A counter-offer was then submitted to Joan and her lawyer. It lists all of the community assets, with the property in question being valued at $70,082.00, rounding up the erroneous figure in Joan's offer to the nearest dollar. There can be no reasonable doubt that the counter offer was prepared in a way designed to minimize the danger that Joan or her attorney would discover the mistake. While all other encumbered properties are listed at an agreed gross value, with encumbrances shown as a deduction therefrom, the only figure that appears next to the Holt property is the equity!

The counter-offer said nothing about attorneys' fees. One of its terms was that Joan would assume a note of not quite $11,000. It was based on only 7500 shares of the family corporation's stock being community property and a valuation at book. In other words, it represented a demand for total surrender by Joan on the two major items in dispute.

Based on the figures in the counter-offer Tim would have received substantially more in assets than Joan. This difference was to be made up by a cash payment of $46,534.

On February 16, 1968, the parties and their attorneys had a settlement conference. The counter-offer was the basis for the discussion. There was no mention that the figure of $70,082 for the equity in the Holt property was based on an agreed value of $550,000 or any other figure. In the discussion it was agreed that the husband was to assume the liability on the $11,000.00 note and was to pay Joan's attorney $7,500, a figure somewhat smaller than counsel's time charges up till then. The result of all this give and take was that the cash payment from Tim to Joan was to be reduced to $40,000.00.

A few days later a formal agreement was signed. It simply recites who was to get what, without ascribing any value to any of the properties. It also provides for the $40,000 cash payment. Sometime in March, 1968, Joan obtained a divorce.

The mistake might never have come to light had not Tim desired to have that exquisite last word. A few days after Joan had obtained the divorce he mailed her a copy of the offer which contained the errant computation. On top of the page he wrote with evident satisfaction: ‘PLEASE NOTE $100,000.00 MISTAKE IN YOUR FIGURES. * * *’ The present action was filed exactly one month later.

Tim testified that he did not learn of the arithmetical error until after the property settlement agreement was signed. The record contains no evidence to the contrary.5


There is really no substantial conflict in the evidence and it is hard to understand how the trial court could do anything but grant Joan's prayer for relief.

Section 3399 of the Civil Code provides:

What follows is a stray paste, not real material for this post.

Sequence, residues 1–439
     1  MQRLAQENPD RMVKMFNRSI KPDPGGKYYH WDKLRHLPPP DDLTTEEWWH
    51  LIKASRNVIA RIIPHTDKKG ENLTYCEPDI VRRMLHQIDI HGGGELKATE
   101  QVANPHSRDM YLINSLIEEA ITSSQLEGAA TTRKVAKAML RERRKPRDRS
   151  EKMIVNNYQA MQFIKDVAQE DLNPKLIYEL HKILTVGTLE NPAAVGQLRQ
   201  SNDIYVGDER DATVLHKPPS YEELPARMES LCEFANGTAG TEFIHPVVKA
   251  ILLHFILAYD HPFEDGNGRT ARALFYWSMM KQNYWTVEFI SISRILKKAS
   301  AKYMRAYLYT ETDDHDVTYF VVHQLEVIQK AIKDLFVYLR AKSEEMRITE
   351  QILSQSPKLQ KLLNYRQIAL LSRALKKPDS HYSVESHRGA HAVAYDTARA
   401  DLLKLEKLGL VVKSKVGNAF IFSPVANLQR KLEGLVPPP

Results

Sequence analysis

‘When, through fraud or a mutual mistake of the parties, or a mistake of one party, which the other at the time knew or suspected, a written contract does not truly express the intention of the parties, it may be revised on the application of a party aggrieved, so as to express that intention, so far as it can be done without prejudice to rights acquired by third persons, in good faith and for value.’ (Emphasis added.)

Clearly there was a mistake, Joan and her attorney thinking that a $550,000 value resulted in a community equity of about $70,000. The mistake was known to Tim's former attorney who swept it under the rug in the counter offer by setting forth just the equity, instead of the value minus encumbrances, as he did with respect to other properties. True, he apparently justified this to himself morally by the fact that the value which Tim had been claiming all along resulted in a $70,000 equity, but he never drew the other side's attention to the fact that the counter-offer was based on Tim's previous position on the value of the Holt property. Joan and her attorney were, of course, quite justified in believing that Tim had surrendered his point on Holt since she was to abandon her position with respect to the ownership of 13,000 shares and the method of valuing of the entire block of 20,500 shares. Inasmuch as the error was discovered by Tim's attorney, it is, of course, no defense that it was negligently made by Joan's attorney. (Voge, Inc. v. Rose, 205 Cal.App.2d 534, 539—540, 23 Cal.Rptr. 87.) Nor was the defense based on any such theory. Rather what the defense proceeded to do was to isolate the problem of the correct valuation of the Holt property from all others that were on the table during the final settlement negotiations, by offering proof that it was worth no more than an amount which would result in the $70,000 equity. The trial court clearly went along with this approach, permitted Tim to prove the value of the Holt property by expert testimony and other means, found that the property was worth no more than $425,000, that John had received an equitable division of the community property ‘and that no reformation is required for said reason.'6